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Lockheed L.75 Saturn


Before the war, Lockheed was very successful in providing airliners for routes that did not generate quite enough traffic for the larger DC-3s. By the end of the war, it was firmly committed to do battle with Douglas for the long-range, high-volume routes, but it did not lose sight of the less-traveled ones on which its prewar designs served so well. Lockheed’s entry in that market was the unpressurized, 14-passenger Saturn. The prototype first flew on June 17, 1946, with two 600hp (450kW) Continental GR9A engines. Difficulties were experienced with these powerplants and consequently 700hp (520kW) Wright C7BA Cyclone engines were substituted shortly thereafter. Like the others who offered new designs for this market, Lockheed found there were just too many military-surplus DC-3s available at bargain prices. The Saturn program was terminated and the two prototypes were scrapped in 1948 for tax purposes.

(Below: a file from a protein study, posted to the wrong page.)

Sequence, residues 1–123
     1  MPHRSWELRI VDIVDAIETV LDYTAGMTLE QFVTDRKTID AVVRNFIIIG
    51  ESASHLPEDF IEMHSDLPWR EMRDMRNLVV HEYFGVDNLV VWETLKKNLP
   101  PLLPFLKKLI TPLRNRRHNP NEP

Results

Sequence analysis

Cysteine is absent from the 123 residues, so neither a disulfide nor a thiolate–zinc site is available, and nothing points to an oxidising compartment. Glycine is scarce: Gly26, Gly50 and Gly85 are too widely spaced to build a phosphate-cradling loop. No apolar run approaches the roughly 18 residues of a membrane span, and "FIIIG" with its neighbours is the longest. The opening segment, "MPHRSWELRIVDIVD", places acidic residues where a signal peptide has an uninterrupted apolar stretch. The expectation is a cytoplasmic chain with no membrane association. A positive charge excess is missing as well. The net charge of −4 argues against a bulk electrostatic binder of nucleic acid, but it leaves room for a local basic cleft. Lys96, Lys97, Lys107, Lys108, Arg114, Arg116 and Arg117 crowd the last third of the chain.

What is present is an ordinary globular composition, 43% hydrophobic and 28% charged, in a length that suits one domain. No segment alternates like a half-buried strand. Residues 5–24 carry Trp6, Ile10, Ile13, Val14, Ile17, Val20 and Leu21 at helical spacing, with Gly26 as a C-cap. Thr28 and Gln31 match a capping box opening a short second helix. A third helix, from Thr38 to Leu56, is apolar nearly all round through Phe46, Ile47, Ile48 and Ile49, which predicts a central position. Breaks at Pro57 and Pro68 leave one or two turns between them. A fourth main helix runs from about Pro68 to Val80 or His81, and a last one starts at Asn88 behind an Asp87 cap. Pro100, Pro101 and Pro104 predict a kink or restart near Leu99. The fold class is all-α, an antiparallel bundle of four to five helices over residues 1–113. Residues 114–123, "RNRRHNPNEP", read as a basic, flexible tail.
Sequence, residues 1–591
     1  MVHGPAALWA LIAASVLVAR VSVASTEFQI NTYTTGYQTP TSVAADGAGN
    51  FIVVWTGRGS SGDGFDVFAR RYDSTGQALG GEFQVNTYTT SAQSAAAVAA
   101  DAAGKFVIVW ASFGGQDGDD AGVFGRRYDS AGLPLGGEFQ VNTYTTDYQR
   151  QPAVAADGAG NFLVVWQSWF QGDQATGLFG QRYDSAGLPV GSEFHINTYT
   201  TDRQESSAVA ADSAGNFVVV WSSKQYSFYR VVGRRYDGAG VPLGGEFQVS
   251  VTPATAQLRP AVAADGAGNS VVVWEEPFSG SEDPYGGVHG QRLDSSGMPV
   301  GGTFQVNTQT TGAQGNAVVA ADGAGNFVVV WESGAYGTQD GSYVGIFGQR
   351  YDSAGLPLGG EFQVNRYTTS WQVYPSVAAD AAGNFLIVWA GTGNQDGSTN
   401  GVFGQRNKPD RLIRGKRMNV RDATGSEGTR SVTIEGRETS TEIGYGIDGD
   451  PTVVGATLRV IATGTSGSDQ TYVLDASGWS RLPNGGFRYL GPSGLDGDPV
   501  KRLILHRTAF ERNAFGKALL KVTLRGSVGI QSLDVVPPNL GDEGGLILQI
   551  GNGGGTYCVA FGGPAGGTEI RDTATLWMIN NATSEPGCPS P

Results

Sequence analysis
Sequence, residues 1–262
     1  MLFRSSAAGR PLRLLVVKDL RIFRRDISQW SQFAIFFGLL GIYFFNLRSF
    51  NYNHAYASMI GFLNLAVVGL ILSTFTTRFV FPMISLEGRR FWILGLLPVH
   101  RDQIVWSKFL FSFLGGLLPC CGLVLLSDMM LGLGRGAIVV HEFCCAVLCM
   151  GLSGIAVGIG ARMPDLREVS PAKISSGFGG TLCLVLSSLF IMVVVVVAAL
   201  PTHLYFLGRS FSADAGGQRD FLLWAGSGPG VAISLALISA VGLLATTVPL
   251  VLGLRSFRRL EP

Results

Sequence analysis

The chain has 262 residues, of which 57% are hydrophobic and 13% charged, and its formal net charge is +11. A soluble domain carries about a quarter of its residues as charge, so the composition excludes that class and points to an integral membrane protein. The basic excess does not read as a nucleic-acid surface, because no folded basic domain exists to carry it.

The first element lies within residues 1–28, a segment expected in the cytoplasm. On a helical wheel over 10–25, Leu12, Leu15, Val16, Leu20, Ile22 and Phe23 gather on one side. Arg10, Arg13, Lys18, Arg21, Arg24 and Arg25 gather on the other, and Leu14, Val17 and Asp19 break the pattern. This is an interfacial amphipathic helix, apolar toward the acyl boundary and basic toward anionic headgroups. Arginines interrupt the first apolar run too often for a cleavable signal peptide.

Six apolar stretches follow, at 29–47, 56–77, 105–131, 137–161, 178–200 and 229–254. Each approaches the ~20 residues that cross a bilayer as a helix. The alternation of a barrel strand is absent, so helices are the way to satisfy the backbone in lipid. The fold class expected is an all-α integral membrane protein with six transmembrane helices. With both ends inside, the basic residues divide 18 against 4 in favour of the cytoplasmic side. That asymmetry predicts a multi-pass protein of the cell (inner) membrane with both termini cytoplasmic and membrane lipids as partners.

Engines: 2 x 700hp Wright 744C-7BA-1 7-cylinder radial
Wingspan: 22.56 m / 74 ft 0 in
Length: 15.69 m / 52 ft 6 in
Height: 6.05 m / 20 ft 10 in
Loaded weight: 7257 kg / 15999 lb
Empty weight: 5153 kg / 11360 lb
Max. speed: 367 km/h / 228 mph
Cruise: 187 mph
Range: 600 miles (960 km)

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